The new regulation will have a major impact on how offshore M&A transactions involving PRC underlying assets are to be negotiated and conducted. According to Bulletin 7, tax liability in respect of a taxable indirect transfer arises upon the effectiveness of the equity transfer agreement and the completion of the transfer, and the parties are required to pay the tax within seven days thereafter. The parties to a potentially taxable offshore transaction will need to conduct the “reasonable commercial purpose” assessment in light of the criteria stipulated in Bulletin 7, so as to determine whether the transaction is taxable. However, such self-assessment might not be totally safe. In particular, if the parties determine that the arrangement has reasonable commercial purpose and the transaction is not taxable, but the tax authority later takes a different view, the parties might be required to pay, in addition to the tax due, penalties and/or late payment interest which may amount to significant additional liabilities.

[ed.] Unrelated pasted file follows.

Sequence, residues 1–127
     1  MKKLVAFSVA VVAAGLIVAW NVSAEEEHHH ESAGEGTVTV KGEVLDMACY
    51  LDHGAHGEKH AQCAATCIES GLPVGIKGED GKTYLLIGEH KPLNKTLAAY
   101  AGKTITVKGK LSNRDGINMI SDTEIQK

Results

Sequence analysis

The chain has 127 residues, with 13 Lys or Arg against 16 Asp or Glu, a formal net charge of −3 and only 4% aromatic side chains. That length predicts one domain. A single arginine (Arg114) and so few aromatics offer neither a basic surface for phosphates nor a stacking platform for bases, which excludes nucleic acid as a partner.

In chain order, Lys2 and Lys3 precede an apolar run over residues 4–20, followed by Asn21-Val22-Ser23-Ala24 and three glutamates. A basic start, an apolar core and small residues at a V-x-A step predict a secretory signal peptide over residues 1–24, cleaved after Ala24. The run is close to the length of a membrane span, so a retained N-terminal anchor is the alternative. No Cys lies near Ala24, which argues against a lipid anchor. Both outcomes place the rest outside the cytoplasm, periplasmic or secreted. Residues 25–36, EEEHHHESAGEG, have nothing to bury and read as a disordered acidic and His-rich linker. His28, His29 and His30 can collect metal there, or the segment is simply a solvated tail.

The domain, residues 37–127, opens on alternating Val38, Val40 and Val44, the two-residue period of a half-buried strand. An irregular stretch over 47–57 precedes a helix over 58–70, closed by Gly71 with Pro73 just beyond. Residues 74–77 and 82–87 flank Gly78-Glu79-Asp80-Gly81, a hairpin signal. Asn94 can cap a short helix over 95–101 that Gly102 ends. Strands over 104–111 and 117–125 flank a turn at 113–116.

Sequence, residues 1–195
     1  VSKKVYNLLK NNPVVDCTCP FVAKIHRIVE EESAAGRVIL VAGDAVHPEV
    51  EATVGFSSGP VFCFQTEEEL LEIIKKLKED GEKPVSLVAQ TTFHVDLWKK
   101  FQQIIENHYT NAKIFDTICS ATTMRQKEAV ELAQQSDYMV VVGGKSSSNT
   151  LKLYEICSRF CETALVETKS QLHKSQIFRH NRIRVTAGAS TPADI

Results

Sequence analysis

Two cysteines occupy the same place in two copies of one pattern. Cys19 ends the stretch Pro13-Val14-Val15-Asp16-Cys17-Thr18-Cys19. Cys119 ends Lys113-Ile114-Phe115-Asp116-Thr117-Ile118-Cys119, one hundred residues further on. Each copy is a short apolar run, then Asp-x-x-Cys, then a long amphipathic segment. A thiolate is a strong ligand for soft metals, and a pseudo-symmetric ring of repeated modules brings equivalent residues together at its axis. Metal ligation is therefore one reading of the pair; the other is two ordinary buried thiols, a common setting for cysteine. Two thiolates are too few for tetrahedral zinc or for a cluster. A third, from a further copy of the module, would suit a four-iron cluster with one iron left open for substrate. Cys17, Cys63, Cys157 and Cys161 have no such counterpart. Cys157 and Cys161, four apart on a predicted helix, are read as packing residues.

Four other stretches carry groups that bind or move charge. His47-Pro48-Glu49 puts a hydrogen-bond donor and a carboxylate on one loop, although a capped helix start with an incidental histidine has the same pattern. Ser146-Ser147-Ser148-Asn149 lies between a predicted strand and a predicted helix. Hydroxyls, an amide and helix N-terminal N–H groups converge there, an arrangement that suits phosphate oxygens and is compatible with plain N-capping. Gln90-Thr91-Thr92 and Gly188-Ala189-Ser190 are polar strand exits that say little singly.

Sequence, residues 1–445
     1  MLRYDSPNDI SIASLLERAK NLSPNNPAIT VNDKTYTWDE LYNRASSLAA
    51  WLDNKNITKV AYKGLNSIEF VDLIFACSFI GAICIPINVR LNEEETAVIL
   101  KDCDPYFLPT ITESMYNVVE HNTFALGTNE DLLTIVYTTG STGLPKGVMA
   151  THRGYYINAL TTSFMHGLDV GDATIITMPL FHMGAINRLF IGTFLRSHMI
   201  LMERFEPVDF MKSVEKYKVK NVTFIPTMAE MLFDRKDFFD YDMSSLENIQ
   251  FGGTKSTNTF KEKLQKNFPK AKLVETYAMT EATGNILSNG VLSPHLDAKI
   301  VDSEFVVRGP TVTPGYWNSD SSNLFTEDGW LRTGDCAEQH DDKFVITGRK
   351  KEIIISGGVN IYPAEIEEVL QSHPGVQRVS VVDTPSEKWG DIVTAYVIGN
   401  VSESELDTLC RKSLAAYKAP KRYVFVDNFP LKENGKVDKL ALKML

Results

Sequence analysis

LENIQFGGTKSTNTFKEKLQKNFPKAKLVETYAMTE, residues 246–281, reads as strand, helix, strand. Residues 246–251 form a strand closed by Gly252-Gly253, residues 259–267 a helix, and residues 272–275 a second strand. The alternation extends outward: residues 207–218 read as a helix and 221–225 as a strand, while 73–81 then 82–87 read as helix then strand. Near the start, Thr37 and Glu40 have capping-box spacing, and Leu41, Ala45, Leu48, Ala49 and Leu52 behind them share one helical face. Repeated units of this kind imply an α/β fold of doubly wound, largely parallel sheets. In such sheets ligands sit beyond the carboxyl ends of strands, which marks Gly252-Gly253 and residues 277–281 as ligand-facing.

The “reasonable commercial purpose” assessment could be very complicated and subjective, and may not be an easy task for either the taxpayer or the tax authorities. The parties to a potentially taxable transaction would face a difficult situation. One of the ways to avoid the possibly significant penalties and interest charges is to pay tax shortly after the offshore equity transfer is completed, but this may be undesirable for the seller because it will likely be difficult (if not impossible) to get a refund of any overpaid tax. Another option is to hold off closing the transaction until the tax authority makes a determination. However, as Bulletin 7 does not stipulate whether, how or when the tax authority should respond to a reporting, this approach may be associated with substantial uncertainty in the timing of closing.